Why the Synod on the Famly must remember the least of our families

In my work with Hispanic families through Catholic Charities, I see and hear the struggles of migrants living in our mid-size Midwestern city. Their story isn’t all that much different than migrants living in other cities across the country. Individuals from Central America, mostly Mexico in our case, arrive at a primary city, usually in Texas or California, and then find their way to us through a friend or family member already settled here, perhaps drawn here because of our cheap cost of living and stable economy.

As the Synod on the Family unfolds in Rome, much of the media attention has focused on issues that drive the culture wars and talking points in American Catholicism: namely issues of human sexuality. But a narrative change is in order. It’s imperative that we view family life and the synod with the “option for the poor” as our lens to inform the very real strains that the poorest and most vulnerable Catholic families are facing today, especially immigrants. As a society and as a church, we should be judged by how we treat and attend to the least and most marginalized of our brothers and sisters. These families must be our starting point for any conversation on the family. If we fail to attend to the very urgent needs of the most vulnerable Catholic families, anything we do for middle or upper-middle class Catholics will ring hollow.

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Recently, a panel discussion at Georgetown University called “It’s the Economy, Synod!” addressed the economy and its impact on family life. The panelists rightly highlighted some themes from Pope Francis’s “Laudato Si’” as well as his other public remarks on threats to family life, which include forced migration, injurious immigration policies, war and violence, youth unemployment and climate change.

I’ve seen the strain these issues have on the family unit first hand. The detetioration of the family unit is happening among the most marginalized Catholics in our midst and, frankly, our dioceses aren’t equipped to deal with it. And I’m not talking about providing material assistance such as food or rental assistance, which our church actually does pretty well. Where we fail as a church is in addressing the systemic issues facing our immigrant brothers and sisters, and mobilizing vibrant and thriving families (usually found in vibrant and thriving parishes) to walk in solidarity with the migrants in our midst.

A big issue in the media in the lead up to the synod on the family was the issue of communion for divorced and remarried Catholics. This is, of course, an important pastoral issue given the fact more than 40 percent of marriages across society end in divorce. However, our typical middle-class way of thinking about marriage and family life is simply not sufficient. For example, many of the immigrant families I serve were never married in their home country due to the cost of a church wedding and celebration. Others were only civilly married before coming to the United States and never followed through with a church wedding here. And for others, they were simply living together as a couple in their home country when they came to the United States, spending their life savings to get here and then remained together in a common-law marriage.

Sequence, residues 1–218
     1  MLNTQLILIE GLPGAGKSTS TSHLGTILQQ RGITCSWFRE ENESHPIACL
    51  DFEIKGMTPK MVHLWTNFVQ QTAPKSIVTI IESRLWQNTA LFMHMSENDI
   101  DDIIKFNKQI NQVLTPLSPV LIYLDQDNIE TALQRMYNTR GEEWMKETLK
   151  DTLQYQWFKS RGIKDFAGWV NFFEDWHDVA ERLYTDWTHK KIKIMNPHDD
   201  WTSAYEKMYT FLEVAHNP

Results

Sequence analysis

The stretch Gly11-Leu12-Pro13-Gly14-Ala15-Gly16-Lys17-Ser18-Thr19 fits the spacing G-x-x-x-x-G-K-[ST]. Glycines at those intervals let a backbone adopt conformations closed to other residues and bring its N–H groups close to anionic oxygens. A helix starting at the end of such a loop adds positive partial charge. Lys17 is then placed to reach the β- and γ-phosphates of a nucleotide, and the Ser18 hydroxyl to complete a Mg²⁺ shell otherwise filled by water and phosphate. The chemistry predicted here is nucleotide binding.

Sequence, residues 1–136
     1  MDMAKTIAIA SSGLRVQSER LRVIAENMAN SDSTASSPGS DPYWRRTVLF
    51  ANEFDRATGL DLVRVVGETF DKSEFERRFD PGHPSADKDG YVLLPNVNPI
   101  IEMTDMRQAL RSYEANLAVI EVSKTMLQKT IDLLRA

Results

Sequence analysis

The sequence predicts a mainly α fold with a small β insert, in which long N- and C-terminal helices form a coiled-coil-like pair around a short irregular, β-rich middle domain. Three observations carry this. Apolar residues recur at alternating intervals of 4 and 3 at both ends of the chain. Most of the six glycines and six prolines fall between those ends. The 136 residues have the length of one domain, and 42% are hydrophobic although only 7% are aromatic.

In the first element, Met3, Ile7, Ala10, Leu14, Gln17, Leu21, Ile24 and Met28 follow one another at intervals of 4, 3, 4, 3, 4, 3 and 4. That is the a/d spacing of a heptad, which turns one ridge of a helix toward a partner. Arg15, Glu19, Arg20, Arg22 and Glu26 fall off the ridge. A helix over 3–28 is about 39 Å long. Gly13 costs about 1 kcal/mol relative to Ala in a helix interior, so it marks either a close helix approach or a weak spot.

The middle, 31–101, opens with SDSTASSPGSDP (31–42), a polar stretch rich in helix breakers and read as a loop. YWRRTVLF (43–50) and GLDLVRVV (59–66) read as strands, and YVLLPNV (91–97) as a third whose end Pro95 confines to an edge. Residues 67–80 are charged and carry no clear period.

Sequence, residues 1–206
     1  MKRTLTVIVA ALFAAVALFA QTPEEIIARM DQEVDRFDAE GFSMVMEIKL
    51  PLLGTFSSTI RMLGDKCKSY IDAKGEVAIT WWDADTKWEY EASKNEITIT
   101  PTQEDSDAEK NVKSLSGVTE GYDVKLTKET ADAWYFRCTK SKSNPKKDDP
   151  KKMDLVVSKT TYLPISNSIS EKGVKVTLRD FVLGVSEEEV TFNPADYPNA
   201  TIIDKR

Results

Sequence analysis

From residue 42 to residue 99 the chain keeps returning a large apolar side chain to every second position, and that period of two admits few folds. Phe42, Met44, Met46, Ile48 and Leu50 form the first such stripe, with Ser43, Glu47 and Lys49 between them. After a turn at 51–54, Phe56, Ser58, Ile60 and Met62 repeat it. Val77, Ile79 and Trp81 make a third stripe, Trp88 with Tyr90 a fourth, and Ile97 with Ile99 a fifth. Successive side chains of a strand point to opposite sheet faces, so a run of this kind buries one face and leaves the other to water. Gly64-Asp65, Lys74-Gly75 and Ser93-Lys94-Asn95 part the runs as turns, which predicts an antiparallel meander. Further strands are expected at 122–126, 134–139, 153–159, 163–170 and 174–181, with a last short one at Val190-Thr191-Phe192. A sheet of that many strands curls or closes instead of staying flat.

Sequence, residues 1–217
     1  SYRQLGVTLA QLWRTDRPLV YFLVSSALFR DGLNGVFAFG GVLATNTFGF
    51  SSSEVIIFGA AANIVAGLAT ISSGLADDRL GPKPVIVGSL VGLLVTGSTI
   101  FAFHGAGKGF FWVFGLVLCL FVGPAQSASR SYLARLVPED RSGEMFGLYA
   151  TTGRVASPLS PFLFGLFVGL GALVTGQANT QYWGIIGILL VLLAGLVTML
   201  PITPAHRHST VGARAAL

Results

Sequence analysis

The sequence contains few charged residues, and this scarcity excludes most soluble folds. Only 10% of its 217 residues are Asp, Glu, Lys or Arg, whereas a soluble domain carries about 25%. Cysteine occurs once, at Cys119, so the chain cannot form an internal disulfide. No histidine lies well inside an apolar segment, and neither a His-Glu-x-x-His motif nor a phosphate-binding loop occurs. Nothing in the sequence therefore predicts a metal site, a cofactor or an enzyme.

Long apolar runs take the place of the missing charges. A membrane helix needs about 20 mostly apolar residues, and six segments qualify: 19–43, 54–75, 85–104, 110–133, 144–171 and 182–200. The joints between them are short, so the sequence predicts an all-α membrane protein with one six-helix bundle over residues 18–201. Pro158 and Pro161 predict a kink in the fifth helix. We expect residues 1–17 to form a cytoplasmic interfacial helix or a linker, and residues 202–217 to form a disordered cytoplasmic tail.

Amidst this categorical and sacramental ambiguity, migrants must contend with harsh immigration policies, difficult economic conditions and the strain of living in some of the worst and most violent neighborhoods in the United States. It is not surprising that they suffer from high rates of domestic violence, alcohol and drug abuse, and all of the well-documented effects that poverty has on the raising of children.

Stories of Suffering

Recently, a client came to me and told me she was in a dead-end marriage and the victim of severe emotional abuse. She told me that she couldn’t leave her abusive and controlling husband because she was undocumented and would never be able support her children on her own. She felt economically tied to him, and was willing to suffer the consequences if it meant her children had a roof over their head and food to eat.

Another mother came to me in tears, saying that she was devastated that her son who was serving a short jail sentence would have to go back to Mexico after getting out of prison—not because he was undocumented, but because his gang in the United States demanded a re-initiation upon release. They wanted him to take another’s innocent life to prove his loyalty. He refused. And so the gang swore they would kill him for his disobedience. Together with his probation officer, the young man decided it would be best for him to go live in Mexico with his grandparents. His mother, who is undocumented, can’t risk the trip to Mexico to visit him. She was devastated.

In yet another case, a woman’s husband was deported, leaving her with three young children to take care of and no job. She moved in with her sister and is just trying to get by one day at a time. She confessed to me over tears that she fears her young children will grow up their whole lives without their father.

There are no easy answers to these cases. Pope Francis in “Laudato Si’” reminds us that everything is connected. An integral ecology and theology of the family must make the connection that all of us are responsible as families—and as members of the mystical Body of Christ—for one another. I imagine the families I see in my office everyday won’t be watching the news to see if divorced and remarried Catholics are permitted to receive the Eucharist. I have a feeling they’ll be praying instead that we all come together to realize our interconnectedness in the Body of Christ. The success of the Synod on the Family will be judged by how we join together to heal those families who suffer silently as the least among us. 

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